Five Children and It feels like one of Ms. Nesbit's first books (actually, it's her third), because there is a sense of tentative first steps developing into a delighted torrent as Ms. Nesbit ups and ups the ante. The Phoenix, which appears in the second book, is a delightful character, smart, funny and completely full of himself. The best chapter is when he discovers that a fire-insurance agency is using his image on their logo, and he assumes that their building is a temple, and the insurance agents his high priests. The fun that ensues when he decides to give them a lordly visit has to be read to be believed.

"And," it (the Phoenix) went on, "you must not think me wanting in appreciation of your very hearty and cordial reception when I ask that an ode may be recited or a choric song sun. It is what I have always been accustomed to.

The four children, dumb witnesses of this wonderful scene, glanced a little nervously across the foam of white faces above the sea of black coats. It seemed to them that the Phoenix was really asking a little too much.


Absently the manager began to sing, and one by one the rest joined--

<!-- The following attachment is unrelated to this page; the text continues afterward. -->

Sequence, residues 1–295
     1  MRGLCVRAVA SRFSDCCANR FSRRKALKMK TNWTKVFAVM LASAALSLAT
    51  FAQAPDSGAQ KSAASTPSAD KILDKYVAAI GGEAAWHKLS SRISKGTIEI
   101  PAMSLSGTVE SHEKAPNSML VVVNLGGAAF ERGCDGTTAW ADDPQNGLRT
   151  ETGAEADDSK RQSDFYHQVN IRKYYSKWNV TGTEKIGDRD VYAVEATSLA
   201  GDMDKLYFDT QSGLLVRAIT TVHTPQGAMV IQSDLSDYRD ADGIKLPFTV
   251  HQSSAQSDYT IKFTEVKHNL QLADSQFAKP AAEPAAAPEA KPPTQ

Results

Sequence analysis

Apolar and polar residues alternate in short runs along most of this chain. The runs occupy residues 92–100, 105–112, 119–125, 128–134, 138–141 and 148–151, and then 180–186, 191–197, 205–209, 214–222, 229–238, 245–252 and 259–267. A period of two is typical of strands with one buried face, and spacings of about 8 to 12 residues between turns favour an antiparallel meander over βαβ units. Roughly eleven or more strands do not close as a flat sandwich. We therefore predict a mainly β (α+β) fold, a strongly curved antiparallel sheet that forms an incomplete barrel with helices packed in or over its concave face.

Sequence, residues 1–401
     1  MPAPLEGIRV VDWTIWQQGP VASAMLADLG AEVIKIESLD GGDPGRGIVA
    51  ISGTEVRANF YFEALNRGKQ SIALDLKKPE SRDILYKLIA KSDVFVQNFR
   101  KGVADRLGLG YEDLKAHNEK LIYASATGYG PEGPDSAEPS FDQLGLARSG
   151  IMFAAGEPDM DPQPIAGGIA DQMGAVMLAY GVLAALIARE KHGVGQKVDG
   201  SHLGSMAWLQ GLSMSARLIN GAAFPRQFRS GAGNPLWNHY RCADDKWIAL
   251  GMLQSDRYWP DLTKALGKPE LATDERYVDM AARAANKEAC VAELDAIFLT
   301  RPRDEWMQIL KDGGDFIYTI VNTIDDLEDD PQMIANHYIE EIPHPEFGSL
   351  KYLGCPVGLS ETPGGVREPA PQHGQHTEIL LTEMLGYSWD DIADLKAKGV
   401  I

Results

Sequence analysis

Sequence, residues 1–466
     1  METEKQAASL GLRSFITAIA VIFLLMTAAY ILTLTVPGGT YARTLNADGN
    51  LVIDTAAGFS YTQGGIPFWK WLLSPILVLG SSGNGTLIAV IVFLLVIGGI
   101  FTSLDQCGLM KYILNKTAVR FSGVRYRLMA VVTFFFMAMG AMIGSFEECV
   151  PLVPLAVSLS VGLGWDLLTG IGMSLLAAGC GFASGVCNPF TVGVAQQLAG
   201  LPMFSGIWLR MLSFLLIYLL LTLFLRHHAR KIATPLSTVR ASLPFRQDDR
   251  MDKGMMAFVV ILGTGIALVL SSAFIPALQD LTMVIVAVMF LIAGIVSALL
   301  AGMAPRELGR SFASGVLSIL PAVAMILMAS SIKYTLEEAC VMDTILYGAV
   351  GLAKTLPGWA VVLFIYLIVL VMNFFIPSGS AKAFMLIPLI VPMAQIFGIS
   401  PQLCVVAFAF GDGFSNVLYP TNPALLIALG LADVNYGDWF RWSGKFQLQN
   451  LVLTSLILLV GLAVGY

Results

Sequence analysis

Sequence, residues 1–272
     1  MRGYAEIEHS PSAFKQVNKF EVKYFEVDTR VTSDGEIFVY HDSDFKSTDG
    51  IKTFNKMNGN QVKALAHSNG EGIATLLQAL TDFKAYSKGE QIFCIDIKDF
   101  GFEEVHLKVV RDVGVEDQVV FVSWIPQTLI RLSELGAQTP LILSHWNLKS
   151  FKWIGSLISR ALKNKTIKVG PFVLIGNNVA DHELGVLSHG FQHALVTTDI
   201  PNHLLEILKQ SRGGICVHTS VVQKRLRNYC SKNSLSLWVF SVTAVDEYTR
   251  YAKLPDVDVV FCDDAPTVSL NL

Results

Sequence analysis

"O Golden Phoenix, fairest bird,
The whole great world has often heard
Of all the splended things we do,
Great Phoenix, just to honour you.'

"That's better," said the bird. And every one sang--

"Class one, for private dwelling-house,
For household goods and shops allows;
Provided these are built of brick
Or stone, and tiled and slated thick.

Ms. Nesbit's books also feel like the prototypes of children's literature to come. I hear echos of her works in C.S. Lewis' Narnia series, and of all the stories wherein children encounter fantastic things that their parents refuse to believe are anything more than imagination, E. Nesbit was among the first. She even plays with this clich+ at the expense of poor, benighted insurance clerks.

Anybody wishing to take a bit of a break from Harry Potter are strongly encouraged to try out Edith Nesbit's Five Children and It and The Phoenix and the Carpet. Both books would set you back considerably less than J.K. Rowling's latest tome.

Further Reading